Study finds LGB communities more at risk of dementia in later life

Rachel Badham November 21, 2020

A study by Michigan State University (MSU), published on November 18 in The Gerontologist, has found those who identity as lesbian, gay, bisexual (or other non-heterosexual orientations) are more likely to suffer from dementia in later life than heterosexual people. 3,500 adults were tested for temporal orientation, language, visuospatial skills, executive function, attention, concentration and working memory, and short-term memory. Researchers found on average older LGB adults were more likely to fall into categories for mild cognitive impairment or early dementia compared to heterosexual older adults.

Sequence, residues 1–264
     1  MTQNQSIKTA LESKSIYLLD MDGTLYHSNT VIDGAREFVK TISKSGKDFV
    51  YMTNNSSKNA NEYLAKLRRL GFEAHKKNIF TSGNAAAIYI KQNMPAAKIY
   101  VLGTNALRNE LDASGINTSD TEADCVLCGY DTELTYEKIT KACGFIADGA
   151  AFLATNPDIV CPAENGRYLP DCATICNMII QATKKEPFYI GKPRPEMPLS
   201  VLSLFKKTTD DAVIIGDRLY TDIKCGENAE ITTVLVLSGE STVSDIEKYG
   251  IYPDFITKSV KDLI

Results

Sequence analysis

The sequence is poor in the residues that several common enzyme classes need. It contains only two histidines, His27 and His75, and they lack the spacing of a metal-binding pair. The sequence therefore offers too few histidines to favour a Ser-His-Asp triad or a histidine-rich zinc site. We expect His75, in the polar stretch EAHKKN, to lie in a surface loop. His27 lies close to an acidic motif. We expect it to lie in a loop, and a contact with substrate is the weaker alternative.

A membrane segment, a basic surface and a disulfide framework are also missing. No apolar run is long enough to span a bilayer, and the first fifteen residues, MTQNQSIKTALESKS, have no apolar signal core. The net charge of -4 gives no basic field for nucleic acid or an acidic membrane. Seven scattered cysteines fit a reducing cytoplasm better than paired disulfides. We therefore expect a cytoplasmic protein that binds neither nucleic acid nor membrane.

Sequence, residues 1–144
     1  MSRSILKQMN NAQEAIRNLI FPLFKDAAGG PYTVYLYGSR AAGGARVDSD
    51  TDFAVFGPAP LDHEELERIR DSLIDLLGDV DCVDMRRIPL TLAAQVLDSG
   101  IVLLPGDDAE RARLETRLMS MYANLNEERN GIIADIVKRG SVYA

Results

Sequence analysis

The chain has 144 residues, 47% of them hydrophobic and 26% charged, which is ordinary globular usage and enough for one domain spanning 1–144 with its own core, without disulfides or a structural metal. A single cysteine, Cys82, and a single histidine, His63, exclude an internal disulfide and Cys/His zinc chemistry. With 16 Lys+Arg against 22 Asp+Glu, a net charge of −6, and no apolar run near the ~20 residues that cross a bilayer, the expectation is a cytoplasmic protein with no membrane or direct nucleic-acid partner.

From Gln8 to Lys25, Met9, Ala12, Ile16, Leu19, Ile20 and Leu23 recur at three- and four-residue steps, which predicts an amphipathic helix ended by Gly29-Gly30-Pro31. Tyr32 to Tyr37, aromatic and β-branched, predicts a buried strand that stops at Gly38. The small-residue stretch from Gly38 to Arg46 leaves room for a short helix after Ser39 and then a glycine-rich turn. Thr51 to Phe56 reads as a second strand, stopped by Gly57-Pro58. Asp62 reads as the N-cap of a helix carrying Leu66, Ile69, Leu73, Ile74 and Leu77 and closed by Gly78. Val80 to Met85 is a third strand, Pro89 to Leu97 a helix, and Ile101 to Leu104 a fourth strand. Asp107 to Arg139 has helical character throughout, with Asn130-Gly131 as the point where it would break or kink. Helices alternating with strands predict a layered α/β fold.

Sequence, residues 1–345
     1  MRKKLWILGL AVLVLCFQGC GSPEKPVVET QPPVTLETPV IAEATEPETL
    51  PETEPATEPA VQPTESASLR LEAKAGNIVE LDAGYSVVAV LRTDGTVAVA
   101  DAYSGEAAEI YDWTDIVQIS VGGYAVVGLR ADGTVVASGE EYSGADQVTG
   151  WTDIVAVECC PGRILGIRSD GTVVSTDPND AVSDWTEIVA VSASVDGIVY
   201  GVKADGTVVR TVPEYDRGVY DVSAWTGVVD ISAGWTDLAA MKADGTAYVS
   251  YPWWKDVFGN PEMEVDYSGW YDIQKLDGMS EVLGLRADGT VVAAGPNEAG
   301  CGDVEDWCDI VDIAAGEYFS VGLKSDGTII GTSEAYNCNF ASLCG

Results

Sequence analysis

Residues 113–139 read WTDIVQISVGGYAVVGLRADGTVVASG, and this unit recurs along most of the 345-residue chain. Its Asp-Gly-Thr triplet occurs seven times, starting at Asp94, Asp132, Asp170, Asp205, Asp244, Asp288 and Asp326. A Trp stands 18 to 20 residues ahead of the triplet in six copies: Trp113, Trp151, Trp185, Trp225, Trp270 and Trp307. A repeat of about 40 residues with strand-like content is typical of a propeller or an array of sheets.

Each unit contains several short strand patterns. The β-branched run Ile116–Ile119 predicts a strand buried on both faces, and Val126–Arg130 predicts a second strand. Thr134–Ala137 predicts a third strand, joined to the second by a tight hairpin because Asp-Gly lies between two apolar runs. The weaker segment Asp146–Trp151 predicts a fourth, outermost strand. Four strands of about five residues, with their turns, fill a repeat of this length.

One of the main causes the researchers identified is the higher prevalence of depression and mental illness in LGB communities, which are a risk factor for developing dementia. Ning Hsieh, an assistant professor of sociology at MSU and lead author of the study, said: “Our findings suggest that depression may be one of the important underlying factors leading to cognitive disadvantages for LGB people…They may experience higher rates of depression than their heterosexual peers for many reasons, including not being accepted by parts of society, feeling ashamed of their sexual orientation or trying to hide their romantic relationships and being treated unfairly in school or at work.”

They added: “Social inequality makes less privileged groups, including sexual minorities, more prone to develop cognitive impairment. Making the society more just and more accepting of diverse sexuality may help prevent dementia and reduce related health care burden on society.”